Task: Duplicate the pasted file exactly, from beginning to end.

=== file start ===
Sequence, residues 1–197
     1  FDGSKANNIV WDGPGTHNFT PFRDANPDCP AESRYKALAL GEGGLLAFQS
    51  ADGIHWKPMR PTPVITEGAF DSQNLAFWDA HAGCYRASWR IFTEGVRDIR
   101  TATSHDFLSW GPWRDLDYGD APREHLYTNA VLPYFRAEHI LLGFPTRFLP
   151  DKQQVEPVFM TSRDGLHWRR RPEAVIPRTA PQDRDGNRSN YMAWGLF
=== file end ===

Sequence, residues 1–197
     1  FDGSKANNIV WDGPGTHNFT PFRDANPDCP AESRYKALAL GEGGLLAFQS
    51  ADGIHWKPMR PTPVITEGAF DSQNLAFWDA HAGCYRASWR IFTEGVRDIR
   101  TATSHDFLSW GPWRDLDYGD APREHLYTNA VLPYFRAEHI LLGFPTRFLP
   151  DKQQVEPVFM TSRDGLHWRR RPEAVIPRTA PQDRDGNRSN YMAWGLF